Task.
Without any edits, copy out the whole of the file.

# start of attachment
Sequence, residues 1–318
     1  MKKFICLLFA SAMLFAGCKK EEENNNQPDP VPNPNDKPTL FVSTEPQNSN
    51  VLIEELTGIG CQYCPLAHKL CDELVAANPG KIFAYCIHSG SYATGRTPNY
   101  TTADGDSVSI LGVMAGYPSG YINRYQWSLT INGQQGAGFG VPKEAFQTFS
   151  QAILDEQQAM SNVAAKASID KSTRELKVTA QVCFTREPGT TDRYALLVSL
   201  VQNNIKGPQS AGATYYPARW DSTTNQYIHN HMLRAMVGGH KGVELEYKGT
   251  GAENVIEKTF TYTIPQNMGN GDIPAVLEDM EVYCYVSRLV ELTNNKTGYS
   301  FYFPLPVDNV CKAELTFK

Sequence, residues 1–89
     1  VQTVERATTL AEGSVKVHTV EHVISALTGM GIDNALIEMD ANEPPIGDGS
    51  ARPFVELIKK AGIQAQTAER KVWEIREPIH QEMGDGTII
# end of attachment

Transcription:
Sequence, residues 1–318
     1  MKKFICLLFA SAMLFAGCKK EEENNNQPDP VPNPNDKPTL FVSTEPQNSN
    51  VLIEELTGIG CQYCPLAHKL CDELVAANPG KIFAYCIHSG SYATGRTPNY
   101  TTADGDSVSI LGVMAGYPSG YINRYQWSLT INGQQGAGFG VPKEAFQTFS
   151  QAILDEQQAM SNVAAKASID KSTRELKVTA QVCFTREPGT TDRYALLVSL
   201  VQNNIKGPQS AGATYYPARW DSTTNQYIHN HMLRAMVGGH KGVELEYKGT
   251  GAENVIEKTF TYTIPQNMGN GDIPAVLEDM EVYCYVSRLV ELTNNKTGYS
   301  FYFPLPVDNV CKAELTFK

Sequence, residues 1–89
     1  VQTVERATTL AEGSVKVHTV EHVISALTGM GIDNALIEMD ANEPPIGDGS
    51  ARPFVELIKK AGIQAQTAER KVWEIREPIH QEMGDGTII